Old Medical Treatments That You Would Never Dare To Try Today
Medicine is an exciting field that is constantly evolving and innovating. However, this process of innovation has led to some wild medical treatments over the years. Scientists and doctors of bygones eras did have their patient’s best interests in mind but they took some seriously wrong turns in their journey to treat pain and illness. Sometimes, medical treatments had worse consequences for patients than their original illness or injury! Below is our list of history’s 15 most extraordinary medical treatments.
1 Heroin for the common cough
We’ve not always known that heroin is a powerfully addictive substance and in the late-19th and even into the early-20th century, it was marketed as a treatment for wheezes and coughs.
Bayer, a German pharmaceutical corporation, launched heroin as a cure for the common cough and, incredibly, it was also sold as a treatment for morphine addiction.
2 A dead mouse for toothache
The Ancient Egyptians were an amazing civilization that contributed a lot to Western culture, not least writing and the concept of zero. However, the belief that putting a dead mouse in your mouth would alleviate toothache was not their finest moment. The mouse was occasionally blended with other ingredients to create a poultice.
Interestingly, the dead mouse returned to the medical field during Elizabeth I of England’s reign when a leading wart treatment involved cutting a mouse in two and applying it to the wart. Whooping cough, smallpox, measles, and even bed-wetting also had treatments that included mice. We don’t know about you, but we’ll pass.
3 Trepanning for migraines and seizures
Trepanning is a procedure in which holes are drilled into the skull, and it is the oldest surgery in the history of medicine, with evidence of the procedure dating back thousands of years.
While it is still used for subdural and epidural hematomas, a couple of hundred years ago it was believed that trepanning (typically performed without anesthesia) was an effective treatment for migraines and seizures.
4 Goats’ testicles for sexual problems
John Brinkley made a fortune in the 1900s with his ground-breaking treatment for infertility, impotence, and various other sexual health problems even though he had absolutely no medical qualifications whatsoever.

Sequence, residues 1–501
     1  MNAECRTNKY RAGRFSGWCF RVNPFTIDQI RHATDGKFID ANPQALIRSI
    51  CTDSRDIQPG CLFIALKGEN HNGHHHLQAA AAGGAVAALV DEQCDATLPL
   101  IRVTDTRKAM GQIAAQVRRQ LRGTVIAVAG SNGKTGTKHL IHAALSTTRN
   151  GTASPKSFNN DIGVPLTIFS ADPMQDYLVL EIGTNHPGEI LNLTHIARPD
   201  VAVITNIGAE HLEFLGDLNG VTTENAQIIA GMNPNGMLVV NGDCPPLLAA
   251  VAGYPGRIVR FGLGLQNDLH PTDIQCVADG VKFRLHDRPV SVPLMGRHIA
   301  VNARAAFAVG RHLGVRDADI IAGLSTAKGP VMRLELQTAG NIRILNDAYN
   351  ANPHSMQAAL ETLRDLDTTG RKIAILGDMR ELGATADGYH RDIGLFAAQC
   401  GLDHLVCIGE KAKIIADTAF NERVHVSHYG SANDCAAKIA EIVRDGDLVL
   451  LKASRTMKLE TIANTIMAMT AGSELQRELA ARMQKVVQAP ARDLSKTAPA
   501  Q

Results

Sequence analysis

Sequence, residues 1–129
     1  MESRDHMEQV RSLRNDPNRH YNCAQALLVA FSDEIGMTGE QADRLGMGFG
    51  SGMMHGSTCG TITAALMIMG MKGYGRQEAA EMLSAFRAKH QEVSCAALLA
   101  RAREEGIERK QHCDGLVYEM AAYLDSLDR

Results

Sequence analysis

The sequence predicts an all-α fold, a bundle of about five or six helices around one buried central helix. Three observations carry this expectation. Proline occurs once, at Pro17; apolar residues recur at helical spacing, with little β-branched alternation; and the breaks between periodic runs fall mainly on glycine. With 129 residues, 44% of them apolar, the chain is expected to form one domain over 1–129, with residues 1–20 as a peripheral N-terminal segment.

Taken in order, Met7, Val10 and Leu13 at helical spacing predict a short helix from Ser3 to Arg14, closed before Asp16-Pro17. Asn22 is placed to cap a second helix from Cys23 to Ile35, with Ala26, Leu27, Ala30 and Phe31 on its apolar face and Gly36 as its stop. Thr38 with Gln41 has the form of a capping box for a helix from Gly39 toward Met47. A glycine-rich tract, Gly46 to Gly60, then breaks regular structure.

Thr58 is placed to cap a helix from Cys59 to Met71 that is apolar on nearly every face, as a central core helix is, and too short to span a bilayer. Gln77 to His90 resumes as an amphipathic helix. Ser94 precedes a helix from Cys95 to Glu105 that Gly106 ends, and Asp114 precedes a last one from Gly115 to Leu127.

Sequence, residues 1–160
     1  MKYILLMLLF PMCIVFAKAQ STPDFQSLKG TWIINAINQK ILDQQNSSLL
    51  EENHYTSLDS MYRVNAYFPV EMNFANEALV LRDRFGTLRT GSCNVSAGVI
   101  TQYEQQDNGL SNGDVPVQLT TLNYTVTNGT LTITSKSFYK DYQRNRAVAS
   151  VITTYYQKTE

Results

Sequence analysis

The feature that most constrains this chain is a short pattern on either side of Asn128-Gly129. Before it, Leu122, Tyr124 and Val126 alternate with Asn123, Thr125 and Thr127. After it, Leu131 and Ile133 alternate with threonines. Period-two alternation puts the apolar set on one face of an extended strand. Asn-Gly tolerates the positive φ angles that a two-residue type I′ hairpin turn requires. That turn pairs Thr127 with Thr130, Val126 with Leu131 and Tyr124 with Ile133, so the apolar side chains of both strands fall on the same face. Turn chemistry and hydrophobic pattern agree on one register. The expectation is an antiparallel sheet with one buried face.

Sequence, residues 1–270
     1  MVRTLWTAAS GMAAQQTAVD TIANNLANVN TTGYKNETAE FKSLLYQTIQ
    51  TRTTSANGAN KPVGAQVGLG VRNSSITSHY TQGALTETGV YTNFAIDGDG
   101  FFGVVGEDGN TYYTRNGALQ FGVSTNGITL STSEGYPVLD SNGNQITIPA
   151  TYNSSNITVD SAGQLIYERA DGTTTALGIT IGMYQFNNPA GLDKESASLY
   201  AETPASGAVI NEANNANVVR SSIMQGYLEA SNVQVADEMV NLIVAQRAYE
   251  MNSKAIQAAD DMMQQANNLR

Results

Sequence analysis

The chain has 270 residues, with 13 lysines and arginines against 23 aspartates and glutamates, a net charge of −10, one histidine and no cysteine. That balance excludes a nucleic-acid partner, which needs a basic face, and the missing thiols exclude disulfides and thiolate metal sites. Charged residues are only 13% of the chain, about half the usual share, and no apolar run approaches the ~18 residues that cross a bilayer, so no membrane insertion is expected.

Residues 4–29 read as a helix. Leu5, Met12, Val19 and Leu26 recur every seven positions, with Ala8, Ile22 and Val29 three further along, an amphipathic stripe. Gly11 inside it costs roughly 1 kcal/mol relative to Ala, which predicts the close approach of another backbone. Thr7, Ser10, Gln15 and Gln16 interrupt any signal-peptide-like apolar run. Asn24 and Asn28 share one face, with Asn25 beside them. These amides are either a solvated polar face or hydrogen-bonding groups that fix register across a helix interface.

He treated these conditions through a surgical procedure in which goats’ testicles were implanted into the male patient’s scrotum. There was no scientific basis for this procedure and it resulted in numerous fatalities.
5 Bloodletting for illness
In Ancient Egypt, Greece, and many other parts of the world, bloodletting, where blood is drawn from the veins, was a popular treatment for all illnesses. Acne and indigestion were thought to react particularly well to bloodletting.
Hundreds of years later, bloodletting was found to occasionally relieve hypertension in some people, but that’s it. Nonetheless, it remained popular for centuries and was still being used at the end of the 19th century.
6 Mercury for…everything
Evidence shows that mercury was used as a medical treatment as far back as 1500 BCE. Mercury was the standard treatment for everything from digestive issues and syphilis to a scratched knee.
Of course, as we now know, mercury is a highly toxic substance. Yet doctors of the past seemed undeterred by the fact that it poisons anyone who ingests it, and mercury was used for centuries. This treatment is definitely not covered by your medical insurance, and for a valid reason!
7 Moldy bread for infection
The Ancient Greeks and Chinese were both strong believers in the power of moldy bread as a disinfectant and would place the bread directly on wounds to stop infection. Moldy bread crusts were also used in Egypt to treat pustular infections of the scalp with ‘medicinal earth’ being dispensed for its medicinal effects.
These practices are believed to have appeased the gods or spirits of suffering and illness who would then leave the patient in peace. A cheap treatment, but an effective one? We doubt it.
8 Hemiglossectomy for stuttering
In the 18th and 19th centuries, doctors took the extraordinary step of cutting off half of their patients’ tongues to cure them of stuttering. Today, hemiglossectomy is used in the treatment of oral cancer and the patient is given general anesthetic before the procedure is performed.